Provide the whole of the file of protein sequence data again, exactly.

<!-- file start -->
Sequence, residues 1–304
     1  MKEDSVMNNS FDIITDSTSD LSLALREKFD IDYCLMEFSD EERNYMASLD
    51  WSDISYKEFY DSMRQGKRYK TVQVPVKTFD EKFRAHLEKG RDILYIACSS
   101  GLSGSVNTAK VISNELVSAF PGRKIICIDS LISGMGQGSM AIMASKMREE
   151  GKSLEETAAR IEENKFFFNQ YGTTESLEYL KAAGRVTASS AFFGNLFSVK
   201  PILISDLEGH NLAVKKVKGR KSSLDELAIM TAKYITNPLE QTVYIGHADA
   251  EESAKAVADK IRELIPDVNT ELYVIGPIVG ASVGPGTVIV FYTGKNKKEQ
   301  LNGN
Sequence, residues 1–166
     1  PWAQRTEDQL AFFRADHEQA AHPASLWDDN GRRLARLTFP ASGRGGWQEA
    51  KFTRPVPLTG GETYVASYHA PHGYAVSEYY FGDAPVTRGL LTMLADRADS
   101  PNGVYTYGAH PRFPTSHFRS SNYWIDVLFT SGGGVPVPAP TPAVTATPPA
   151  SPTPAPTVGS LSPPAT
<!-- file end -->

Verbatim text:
Sequence, residues 1–304
     1  MKEDSVMNNS FDIITDSTSD LSLALREKFD IDYCLMEFSD EERNYMASLD
    51  WSDISYKEFY DSMRQGKRYK TVQVPVKTFD EKFRAHLEKG RDILYIACSS
   101  GLSGSVNTAK VISNELVSAF PGRKIICIDS LISGMGQGSM AIMASKMREE
   151  GKSLEETAAR IEENKFFFNQ YGTTESLEYL KAAGRVTASS AFFGNLFSVK
   201  PILISDLEGH NLAVKKVKGR KSSLDELAIM TAKYITNPLE QTVYIGHADA
   251  EESAKAVADK IRELIPDVNT ELYVIGPIVG ASVGPGTVIV FYTGKNKKEQ
   301  LNGN
Sequence, residues 1–166
     1  PWAQRTEDQL AFFRADHEQA AHPASLWDDN GRRLARLTFP ASGRGGWQEA
    51  KFTRPVPLTG GETYVASYHA PHGYAVSEYY FGDAPVTRGL LTMLADRADS
   101  PNGVYTYGAH PRFPTSHFRS SNYWIDVLFT SGGGVPVPAP TPAVTATPPA
   151  SPTPAPTVGS LSPPAT